You can save money on power by doing the following:
- Between a freestanding unit and a wall, there must be some space: It is necessary to have adequate ventilation.
- Use a small thermoelectric cooler to keep things cool.
- Refrigerate in a dark, cool location; avoid heated areas at all costs.
- Open the refrigerator door only when absolutely necessary.
Ways to Save Power Consumption
- Change the desired temperature as follows: Mini fridges are frequently set to a temperature that is far too chilly by default. To measure and adjust your settings, use a thermometer.
- Ensure that your fridge is sufficiently ventilated: Mini-fridges are frequently placed between wall cabinets, requiring more power than usual. This is something you should avoid.
- Use timer buttons to keep your mini-fridge on only when it’s required to keep food and drinks chilled.
Know Exactly How Much Power Your Fridge Consume
The actual amount of electricity used by a tiny fridge is undetermined, but you could use a gadget called a power meter to find out. It displays real-time information and assesses the average speed of electrical energy flow in watts. Power meters are rather inexpensive these days, so it’s definitely worth the expenditure if you’re concerned about your mini-energy fridge’s use.
There are even complex models that can predict how much you’ll have to pay based on your energy consumption. Because the information is already provided, you won’t have to conduct the computations yourself. As a result, you could easily check the electric power your small fridge has already used and alter the temperature if necessary using an electricity meter.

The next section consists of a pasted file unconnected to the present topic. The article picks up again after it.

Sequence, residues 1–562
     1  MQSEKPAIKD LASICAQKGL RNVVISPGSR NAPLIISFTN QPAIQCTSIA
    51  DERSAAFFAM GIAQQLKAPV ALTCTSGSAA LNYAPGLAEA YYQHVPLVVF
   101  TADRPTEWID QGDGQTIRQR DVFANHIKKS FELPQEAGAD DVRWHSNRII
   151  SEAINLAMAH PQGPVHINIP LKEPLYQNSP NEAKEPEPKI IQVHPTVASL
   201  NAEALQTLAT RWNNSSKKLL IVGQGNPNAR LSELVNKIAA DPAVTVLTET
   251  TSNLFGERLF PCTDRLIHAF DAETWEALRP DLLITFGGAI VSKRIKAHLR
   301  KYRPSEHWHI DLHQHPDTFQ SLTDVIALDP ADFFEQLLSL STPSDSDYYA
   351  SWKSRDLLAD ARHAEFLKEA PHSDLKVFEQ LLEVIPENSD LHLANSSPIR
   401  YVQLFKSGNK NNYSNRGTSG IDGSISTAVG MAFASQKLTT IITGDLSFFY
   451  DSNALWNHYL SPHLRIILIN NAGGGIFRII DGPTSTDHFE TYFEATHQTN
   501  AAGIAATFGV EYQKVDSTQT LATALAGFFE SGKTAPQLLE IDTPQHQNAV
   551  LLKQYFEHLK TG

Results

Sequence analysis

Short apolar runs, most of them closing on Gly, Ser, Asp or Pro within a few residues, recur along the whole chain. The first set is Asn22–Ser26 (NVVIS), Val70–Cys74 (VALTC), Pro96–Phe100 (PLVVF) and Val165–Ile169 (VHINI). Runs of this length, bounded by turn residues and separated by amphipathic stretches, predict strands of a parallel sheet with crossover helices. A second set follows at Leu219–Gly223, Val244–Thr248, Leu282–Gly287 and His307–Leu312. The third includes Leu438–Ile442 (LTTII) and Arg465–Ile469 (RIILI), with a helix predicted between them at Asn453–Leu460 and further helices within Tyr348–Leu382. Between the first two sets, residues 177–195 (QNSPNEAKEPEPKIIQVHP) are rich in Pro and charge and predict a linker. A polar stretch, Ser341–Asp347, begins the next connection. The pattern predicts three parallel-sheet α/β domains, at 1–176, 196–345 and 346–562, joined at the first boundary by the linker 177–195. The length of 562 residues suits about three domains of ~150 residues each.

Things to Consider When Buying a Mini-Fridge
You should factor in that you’ll be utilizing the mini-fridge for at least 2 to 3 years when calculating your expense. You can compute the costs of operation over a year by multiplying your provider’s current electricity price per kWh by the annual usage of the fridge.
When you multiply this figure by a factor of two or three, you can calculate the electricity usage in proportion to the purchase price and compare mini-fridges. However, in practice, the useful life is closer to 5 to 10 years. This period’s costs can also be computed. One of the reasons to consider a tiny refrigerator is if you reside in an area where energy costs are high.
Are Mini Fridges Worth It?